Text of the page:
Price of spirituality is its seamy underbelly

Price of spirituality is its seamy underbelly

 A spiritual enterprise can be created and operated in real life, using management and corporate principles. All one needs is an unscrupulous leader with a thick hide.
There is no issue at all if a spiritual enterprise is run commercially without hiding behind the facade of a charitable institution. The entire legal and tax structure of charitable and not-for-profit organisations has been created by countries across the world to support philanthropic activities. Tax deductions are given to donors and tax exemptions are given to the enterprises in the belief that no one involved in these enterprises would benefit from their operations.

Tax laws should be far more stringent with these spiritual and charitable organisations. Their object clauses should be specific rather than general, as of now. Many of them employ the services of lobbyists to secure donations in return for sizeable commissions. There should be greater control on receipts to eliminate laundering possibilities. There should be far greater control on expenses to ensure that operational costs are a small fraction of the receipts. As it is now, it is a free ride for the people who run these charities.

Far more importantly, such organisations ought to truly be not-for-profit. What they earn in a year must be spent that year. There should be no carried over profits. There should be no assets held by any individual behind the mask of a trustee. Assets should be held by a much larger group of people who cannot be influenced easily. All this may seem unrealistic, but possible. As the rules stand today, one spiritual entrepreneur can control billions of dollars of assets and revenues without being accountable to anyone.

Every spiritual enterprise worth its name claims to do charitable work benefiting the general public. They say they run schools and hospitals and fund infrastructure development projects. Since, by their own admission most of their funds are from donations, why do they name these schools and hospitals after the leader? Why don’t they help finance government-run schools and hospitals, which in any case form the vast majority? By definition, charity is what the right hand gives that the left does not know. Is establishing a brand image charity? It is a means to an end.
Not so long ago, Maharishi Mahesh Yogi bought an island off Nova Scotia intending to establish an independent kingdom! Since then every self-styled guru dreams of owning an island and printing his own currency, of course with his image prominently displayed.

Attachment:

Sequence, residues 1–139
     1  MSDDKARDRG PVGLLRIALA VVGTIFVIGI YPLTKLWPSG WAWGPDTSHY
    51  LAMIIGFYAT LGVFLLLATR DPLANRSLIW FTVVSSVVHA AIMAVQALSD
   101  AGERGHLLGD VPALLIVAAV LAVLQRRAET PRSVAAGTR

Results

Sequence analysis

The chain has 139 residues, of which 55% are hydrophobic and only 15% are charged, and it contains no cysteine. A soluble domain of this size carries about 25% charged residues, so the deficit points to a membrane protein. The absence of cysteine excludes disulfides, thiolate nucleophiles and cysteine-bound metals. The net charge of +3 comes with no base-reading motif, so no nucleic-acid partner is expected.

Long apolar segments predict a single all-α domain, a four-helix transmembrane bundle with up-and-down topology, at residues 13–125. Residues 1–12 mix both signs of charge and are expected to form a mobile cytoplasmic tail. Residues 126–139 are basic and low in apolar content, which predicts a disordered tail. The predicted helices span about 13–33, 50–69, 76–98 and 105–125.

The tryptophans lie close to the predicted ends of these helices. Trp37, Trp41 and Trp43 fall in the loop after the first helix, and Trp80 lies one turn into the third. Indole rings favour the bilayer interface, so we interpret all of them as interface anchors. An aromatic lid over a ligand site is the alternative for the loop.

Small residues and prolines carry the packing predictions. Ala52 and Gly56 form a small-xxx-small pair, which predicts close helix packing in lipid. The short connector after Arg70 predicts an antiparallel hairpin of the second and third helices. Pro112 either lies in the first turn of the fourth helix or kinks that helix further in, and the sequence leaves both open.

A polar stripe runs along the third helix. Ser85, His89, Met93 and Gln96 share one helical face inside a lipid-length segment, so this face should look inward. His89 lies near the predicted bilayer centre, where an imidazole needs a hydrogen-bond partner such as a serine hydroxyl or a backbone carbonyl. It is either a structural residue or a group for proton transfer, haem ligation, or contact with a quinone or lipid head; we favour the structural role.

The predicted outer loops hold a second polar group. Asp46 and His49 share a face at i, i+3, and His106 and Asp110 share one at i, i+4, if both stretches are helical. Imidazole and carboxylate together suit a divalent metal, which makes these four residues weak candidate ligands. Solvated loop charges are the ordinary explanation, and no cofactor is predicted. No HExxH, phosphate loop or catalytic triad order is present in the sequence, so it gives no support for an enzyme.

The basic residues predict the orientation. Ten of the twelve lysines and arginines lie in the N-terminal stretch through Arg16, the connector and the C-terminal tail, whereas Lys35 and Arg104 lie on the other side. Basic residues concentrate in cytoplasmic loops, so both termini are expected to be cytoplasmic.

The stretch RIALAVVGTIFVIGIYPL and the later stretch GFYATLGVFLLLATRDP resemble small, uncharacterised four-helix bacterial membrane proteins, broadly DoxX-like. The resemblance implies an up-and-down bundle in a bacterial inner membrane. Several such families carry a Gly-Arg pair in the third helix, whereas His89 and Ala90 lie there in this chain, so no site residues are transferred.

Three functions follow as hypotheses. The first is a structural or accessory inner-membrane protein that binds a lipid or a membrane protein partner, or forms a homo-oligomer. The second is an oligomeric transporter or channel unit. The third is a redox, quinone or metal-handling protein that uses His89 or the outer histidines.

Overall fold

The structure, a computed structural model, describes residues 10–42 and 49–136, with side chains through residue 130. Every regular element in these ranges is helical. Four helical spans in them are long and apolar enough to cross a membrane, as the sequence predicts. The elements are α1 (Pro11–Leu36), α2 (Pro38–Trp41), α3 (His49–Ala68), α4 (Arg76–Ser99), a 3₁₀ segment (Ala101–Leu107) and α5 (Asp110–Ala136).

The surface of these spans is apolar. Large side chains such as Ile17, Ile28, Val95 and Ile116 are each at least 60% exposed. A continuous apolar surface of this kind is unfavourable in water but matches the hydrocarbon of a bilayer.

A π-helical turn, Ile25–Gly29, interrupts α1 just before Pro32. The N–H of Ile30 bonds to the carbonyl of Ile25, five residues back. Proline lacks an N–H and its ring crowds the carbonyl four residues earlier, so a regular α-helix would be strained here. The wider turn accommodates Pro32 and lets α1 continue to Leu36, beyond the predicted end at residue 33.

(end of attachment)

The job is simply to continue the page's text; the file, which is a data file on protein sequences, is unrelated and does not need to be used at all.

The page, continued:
Spiritual entrepreneurship is the starting point of a power game. Some may exploit it openly, as did a saffron clad worthy recently announcing that he is setting up a political party. Others do it behind closed doors and use their wealth to peddle influence. From time immemorial, in this Vedic tradition, spirituality was the occupation of the brahmana, money creation the occupation of the vaisya and power broking the preserve of the kshatriya.

Enter the new breed of spiritual entrepreneurs who are all in one. If they wish to be that it is their prerogative. But they should not pretend to follow the Vedic or yogic traditions. They should not look for government handouts. They should have the courage to become new age entrepreneurs marketing spirituality as yet another business. This would be the honest path to follow, instead of the hypocritical diversion of riding the spiritual scenic road while enjoying all the benefits of the material highway.

With the assumed multiple role of the spiritual entrepreneurs, they too seem to be entering the politician-bureaucrat-criminal nexus mélange. The entrepreneurs may see nothing wrong with what they do, but I see plenty of wrong doing. So, I assume would a lot of right thinking people.

In India’s Vedic tradition, spirituality was the core of one’s life. Hinduism has never been an organised religion like all others. It survived because of its loose and flexible structure. Sanatana Dharma was an individual belief, not an organised enterprise. By converting it into a branded commercial entity, fraudulent spiritual entrepreneurs are digging the grave of Sanatana Dharma.

It is all very well to talk about building ashrams and gurukula schools to inspire and create a spiritually enlightened generation. This would be fine if there was moral and emotional maturity to ensure spiritual discipline. Otherwise, mixed gender communes, by whatever name they may be called, would end up as dens of vice. When yoga gets mixed up with tantra, catalysed by immaturity, the results can be traumatic.
Do all spiritual enterprises have to end this way? The painful answer is yes. In all my knowledge, the only being I can truly accept as enlightened is Ramana Maharishi. The very atmosphere of his jiva samadhi in Thiruvannamalai energises me. Ramana was never a spiritual entrepreneur. In fact, there are no Ramana ashrams outside of where he lived and died. Yet, his name resonates through out the world.
The other extreme I respect is the controversial Osho. Whatever one may malign him for, he was an honest man. He seemed to destroy his own organisation for the sheer pleasure of proving a point.

Spirituality does not require enterprises. Sanatana Dharma does not need entrepreneurs to nurture it. Spirituality, in its essence, is about the individual. It is lonely path to tread. Therein lies its strength.
(The writer has travelled a long path of both corporate and spiritual enterprises)